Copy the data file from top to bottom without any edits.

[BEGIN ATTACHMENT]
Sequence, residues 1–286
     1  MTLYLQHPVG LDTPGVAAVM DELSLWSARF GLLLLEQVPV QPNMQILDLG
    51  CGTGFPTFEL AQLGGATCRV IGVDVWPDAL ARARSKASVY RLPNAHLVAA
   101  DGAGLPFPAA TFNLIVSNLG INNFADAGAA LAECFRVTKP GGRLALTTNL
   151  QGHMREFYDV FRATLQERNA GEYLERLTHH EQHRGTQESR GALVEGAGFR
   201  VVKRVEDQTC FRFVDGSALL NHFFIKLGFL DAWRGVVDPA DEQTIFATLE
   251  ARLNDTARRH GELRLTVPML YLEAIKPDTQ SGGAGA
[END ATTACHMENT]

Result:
Sequence, residues 1–286
     1  MTLYLQHPVG LDTPGVAAVM DELSLWSARF GLLLLEQVPV QPNMQILDLG
    51  CGTGFPTFEL AQLGGATCRV IGVDVWPDAL ARARSKASVY RLPNAHLVAA
   101  DGAGLPFPAA TFNLIVSNLG INNFADAGAA LAECFRVTKP GGRLALTTNL
   151  QGHMREFYDV FRATLQERNA GEYLERLTHH EQHRGTQESR GALVEGAGFR
   201  VVKRVEDQTC FRFVDGSALL NHFFIKLGFL DAWRGVVDPA DEQTIFATLE
   251  ARLNDTARRH GELRLTVPML YLEAIKPDTQ SGGAGA